Euler developed a program which aimed to transform analysis into an autonomous discipline and reorganize the whole of mathematics around it. The implementation of this program presented many difficulties, and the result was not entirely satisfactory. Many of these difficulties concerned the integral calculus. In this paper, we deal with some topics relevant to understand Euler’s conception of analysis and how he developed and implemented his program. In particular, we examine Euler’s contribution to the construction of differential equations and his notion of indefinite integrals and general integrals. We also deal with two remarkable difficulties of Euler’s program. The first concerns singular integrals, which were considered as paradoxical by Euler since they seemed to violate the generality of certain results. The second regards the explicitly use of the geometric representation and meaning of definite integrals, which was gone against his program. We clarify the nature of these difficulties and show that Euler never thought that they undermined his conception of mathematics and that a different foundation was necessary for analysis.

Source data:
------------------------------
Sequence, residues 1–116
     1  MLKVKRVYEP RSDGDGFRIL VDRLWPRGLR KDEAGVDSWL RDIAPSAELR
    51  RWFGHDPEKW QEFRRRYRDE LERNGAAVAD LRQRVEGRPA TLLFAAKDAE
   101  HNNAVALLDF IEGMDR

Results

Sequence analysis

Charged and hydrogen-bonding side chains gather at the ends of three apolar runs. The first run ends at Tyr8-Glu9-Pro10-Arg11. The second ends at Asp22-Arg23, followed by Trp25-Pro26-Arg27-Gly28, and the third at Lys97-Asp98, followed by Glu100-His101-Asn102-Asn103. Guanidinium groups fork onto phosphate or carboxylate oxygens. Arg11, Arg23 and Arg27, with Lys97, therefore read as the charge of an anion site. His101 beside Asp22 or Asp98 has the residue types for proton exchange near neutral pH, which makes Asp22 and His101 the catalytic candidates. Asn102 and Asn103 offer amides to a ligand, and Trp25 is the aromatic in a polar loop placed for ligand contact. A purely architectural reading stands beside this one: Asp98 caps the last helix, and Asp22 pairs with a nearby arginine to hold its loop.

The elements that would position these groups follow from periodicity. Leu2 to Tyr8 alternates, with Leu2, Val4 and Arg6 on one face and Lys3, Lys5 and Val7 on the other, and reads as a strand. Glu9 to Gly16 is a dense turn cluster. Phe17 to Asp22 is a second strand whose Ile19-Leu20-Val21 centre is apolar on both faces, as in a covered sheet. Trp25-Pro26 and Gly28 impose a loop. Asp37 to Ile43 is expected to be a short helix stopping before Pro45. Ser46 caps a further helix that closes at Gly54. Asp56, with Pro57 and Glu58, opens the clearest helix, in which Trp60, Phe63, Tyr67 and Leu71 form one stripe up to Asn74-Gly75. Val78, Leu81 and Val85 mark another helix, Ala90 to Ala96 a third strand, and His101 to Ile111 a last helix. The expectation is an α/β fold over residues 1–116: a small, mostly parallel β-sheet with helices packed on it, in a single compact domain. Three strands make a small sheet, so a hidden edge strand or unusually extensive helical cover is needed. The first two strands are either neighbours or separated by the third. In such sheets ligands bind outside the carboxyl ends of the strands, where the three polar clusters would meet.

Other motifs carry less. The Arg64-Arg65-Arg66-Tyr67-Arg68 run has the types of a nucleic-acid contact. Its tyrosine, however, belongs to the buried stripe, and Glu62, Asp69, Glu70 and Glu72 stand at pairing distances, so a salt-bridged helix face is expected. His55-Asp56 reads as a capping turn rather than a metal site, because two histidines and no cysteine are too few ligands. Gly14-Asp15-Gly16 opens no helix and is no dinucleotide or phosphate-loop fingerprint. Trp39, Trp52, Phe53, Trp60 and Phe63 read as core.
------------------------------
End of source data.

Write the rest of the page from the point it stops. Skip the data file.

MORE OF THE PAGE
Communicated by Jesper Lützen.